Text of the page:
NEW: Samantha McDonald
Tuesday, May 15, 2007/
I hope every mum out there had a fabulous Mother’s Day. The focus on mothers got me thinking about family time and remembering why we work.
I hope every mum out there had a fabulous Mother’s Day. I certainly did. My two year old somehow knew that Mummy wanted a yummy massage and a deluxe facial! Unbelievable!
With the focus on mothers for a whole day, it got me thinking about family time and the fact that a lot of people go all-out for their families on “special” days like Mother’s Day, Father’s Day, Valentine’s Day, birthdays and Christmas, but what about all the other “normal” days in the year? Why is it that it takes one of these special days, which some would argue have been hyped up beautifully by retailers to celebrate the wonderment that is family?
It seems that most people are so busy worrying about work they forget what they’re actually working for. I’ve had clients come to me at the end of their tether, after making really great money and holding all sorts of investments, and they have no one to share it with because they alienated their own family on their way up. What’s the point of being up the top of that ladder if you don’t have anyone holding it steady?
Personally, I spend a lot of time with my family. One of the best things about having my own business is that I can choose the hours and work around my own personal commitments. Having said that, I know a lot of people who have their own business and work ridiculous hours and then complain that their children are growing up way too fast and their relationships are feeling more and more distant.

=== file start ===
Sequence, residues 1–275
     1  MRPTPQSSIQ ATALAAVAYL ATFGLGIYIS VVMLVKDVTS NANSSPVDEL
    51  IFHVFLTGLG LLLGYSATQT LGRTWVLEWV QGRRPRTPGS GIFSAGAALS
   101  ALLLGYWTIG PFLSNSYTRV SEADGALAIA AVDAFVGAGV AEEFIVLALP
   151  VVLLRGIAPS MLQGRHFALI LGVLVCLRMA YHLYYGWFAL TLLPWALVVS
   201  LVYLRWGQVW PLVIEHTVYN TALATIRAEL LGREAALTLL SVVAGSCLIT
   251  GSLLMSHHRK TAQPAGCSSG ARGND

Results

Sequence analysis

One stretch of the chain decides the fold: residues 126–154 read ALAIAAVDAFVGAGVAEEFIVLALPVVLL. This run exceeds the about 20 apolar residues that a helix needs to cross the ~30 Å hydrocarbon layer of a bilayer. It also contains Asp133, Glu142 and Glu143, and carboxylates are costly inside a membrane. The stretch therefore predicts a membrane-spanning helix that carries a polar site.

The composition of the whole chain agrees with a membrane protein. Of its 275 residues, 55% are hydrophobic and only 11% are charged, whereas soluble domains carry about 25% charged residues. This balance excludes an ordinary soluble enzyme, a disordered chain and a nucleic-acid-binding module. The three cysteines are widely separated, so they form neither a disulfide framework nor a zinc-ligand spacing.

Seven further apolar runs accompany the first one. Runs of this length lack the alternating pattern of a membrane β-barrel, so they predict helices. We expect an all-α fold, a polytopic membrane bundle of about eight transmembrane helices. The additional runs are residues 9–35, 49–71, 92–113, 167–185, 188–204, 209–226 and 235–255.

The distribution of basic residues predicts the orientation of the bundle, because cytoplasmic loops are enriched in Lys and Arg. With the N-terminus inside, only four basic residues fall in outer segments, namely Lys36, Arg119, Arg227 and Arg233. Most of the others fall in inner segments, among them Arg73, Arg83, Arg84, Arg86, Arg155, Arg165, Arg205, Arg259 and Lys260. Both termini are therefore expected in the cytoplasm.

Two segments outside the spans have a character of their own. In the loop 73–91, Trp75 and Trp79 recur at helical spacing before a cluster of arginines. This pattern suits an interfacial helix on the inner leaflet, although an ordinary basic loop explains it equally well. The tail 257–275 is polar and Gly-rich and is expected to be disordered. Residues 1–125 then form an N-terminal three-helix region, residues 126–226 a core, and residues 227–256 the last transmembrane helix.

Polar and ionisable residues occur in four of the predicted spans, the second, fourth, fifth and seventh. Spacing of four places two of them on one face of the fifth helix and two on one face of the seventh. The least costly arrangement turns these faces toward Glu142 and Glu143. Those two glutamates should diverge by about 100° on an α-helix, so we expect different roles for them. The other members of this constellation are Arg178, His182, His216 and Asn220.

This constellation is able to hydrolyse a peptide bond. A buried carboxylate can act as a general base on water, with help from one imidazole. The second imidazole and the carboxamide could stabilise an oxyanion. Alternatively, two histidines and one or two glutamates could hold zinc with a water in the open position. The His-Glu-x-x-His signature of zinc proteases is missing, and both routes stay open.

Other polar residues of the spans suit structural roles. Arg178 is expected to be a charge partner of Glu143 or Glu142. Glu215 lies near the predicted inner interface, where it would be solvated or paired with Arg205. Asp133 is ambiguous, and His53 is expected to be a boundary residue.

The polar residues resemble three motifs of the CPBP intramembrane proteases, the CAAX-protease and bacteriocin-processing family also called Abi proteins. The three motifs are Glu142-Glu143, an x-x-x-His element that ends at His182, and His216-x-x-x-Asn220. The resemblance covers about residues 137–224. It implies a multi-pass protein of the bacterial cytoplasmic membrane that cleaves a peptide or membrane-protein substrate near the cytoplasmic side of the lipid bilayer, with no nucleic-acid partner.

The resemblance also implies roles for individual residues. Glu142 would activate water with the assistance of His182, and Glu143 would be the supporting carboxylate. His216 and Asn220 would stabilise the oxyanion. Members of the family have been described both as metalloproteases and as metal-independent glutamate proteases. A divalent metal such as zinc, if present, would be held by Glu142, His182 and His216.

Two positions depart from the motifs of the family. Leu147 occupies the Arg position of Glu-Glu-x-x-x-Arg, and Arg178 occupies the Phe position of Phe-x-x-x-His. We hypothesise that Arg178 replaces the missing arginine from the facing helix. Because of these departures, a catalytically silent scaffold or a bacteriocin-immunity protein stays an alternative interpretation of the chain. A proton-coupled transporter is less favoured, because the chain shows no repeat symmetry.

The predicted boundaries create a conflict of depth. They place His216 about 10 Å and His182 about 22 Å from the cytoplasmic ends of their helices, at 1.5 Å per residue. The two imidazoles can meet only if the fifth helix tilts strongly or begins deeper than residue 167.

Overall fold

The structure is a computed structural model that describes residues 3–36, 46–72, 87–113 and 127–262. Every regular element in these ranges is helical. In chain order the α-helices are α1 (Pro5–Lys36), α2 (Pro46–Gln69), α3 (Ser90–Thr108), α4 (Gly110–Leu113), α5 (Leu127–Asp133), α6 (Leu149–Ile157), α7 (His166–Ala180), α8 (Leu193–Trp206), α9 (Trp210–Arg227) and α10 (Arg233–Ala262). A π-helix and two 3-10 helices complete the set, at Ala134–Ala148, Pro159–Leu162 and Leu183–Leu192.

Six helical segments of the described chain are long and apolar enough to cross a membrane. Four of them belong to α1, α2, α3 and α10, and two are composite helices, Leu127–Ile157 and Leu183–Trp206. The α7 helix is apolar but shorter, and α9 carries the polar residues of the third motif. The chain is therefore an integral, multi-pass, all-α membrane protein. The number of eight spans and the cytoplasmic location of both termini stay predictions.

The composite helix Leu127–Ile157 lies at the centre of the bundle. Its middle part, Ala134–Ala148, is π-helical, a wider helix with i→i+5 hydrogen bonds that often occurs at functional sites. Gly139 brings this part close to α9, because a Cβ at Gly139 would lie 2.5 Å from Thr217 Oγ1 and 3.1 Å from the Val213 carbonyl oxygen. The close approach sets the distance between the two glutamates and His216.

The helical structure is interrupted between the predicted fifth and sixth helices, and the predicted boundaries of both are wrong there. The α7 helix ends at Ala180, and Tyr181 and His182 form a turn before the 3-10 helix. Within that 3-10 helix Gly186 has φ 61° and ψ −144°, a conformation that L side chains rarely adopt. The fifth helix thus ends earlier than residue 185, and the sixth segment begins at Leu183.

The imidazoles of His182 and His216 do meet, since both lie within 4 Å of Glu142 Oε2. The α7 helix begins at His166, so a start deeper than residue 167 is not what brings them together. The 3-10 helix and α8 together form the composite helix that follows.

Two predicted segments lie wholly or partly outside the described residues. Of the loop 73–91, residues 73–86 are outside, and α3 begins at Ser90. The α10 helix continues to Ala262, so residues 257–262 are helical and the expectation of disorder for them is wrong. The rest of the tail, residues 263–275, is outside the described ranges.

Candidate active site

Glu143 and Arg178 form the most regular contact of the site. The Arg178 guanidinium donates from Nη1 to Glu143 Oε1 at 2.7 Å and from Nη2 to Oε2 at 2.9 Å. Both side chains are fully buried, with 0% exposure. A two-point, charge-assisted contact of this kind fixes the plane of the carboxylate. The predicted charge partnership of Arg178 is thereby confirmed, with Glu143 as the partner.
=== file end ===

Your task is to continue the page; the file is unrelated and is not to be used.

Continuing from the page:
To these people, I say this: When you’re figuring out the systems for your business, how about sticking an extra one in there – a system for spending more time with your family.
Try this one: For every full work day, put aside two hours of quality family time. Mark it in your diary so you commit to it. Or how about this one: At the beginning of every calendar month, have a look at your diary and block out a specific number of family events before your work events take priority.
Or maybe this one: Make a mental commitment to treat every work hour as a work hour and every family hour as a family hour. This means you must not take family issues into work or work issues back home. That way, you’ll be totally fresh in each part of your life, and you’ll probably find that you are able to get your work done in less time because you have no distractions, and that means you’ll get more time with your family!
Otherwise, what are you really doing all of this for?
To read other Samantha Dowling blogs, click here.
Penelope Herbert from hotpeppergroup.com.au writes: I read today, “Don’t worry about your life ending, worry about it never beginning”. Samantha’s timely reminder is so relevant – it’s too easy to spend more time working than with families.
I recently took five days off work to spend time interstate with my partner’s family – and I was TERRIFIED. Did I really think all my clients would leave en masse because I wasn’t there? Did I really think that I would miss the most important opportunity of my business life because I wasn’t in the office? Did I think the wheels would stop turning?
Yes I did. Did they? No. And I had a wonderful time feeling refreshed and vibrant upon my return. Nothing is as important as time with people who love you – why do we feel so guilty leaving our work to enjoy it?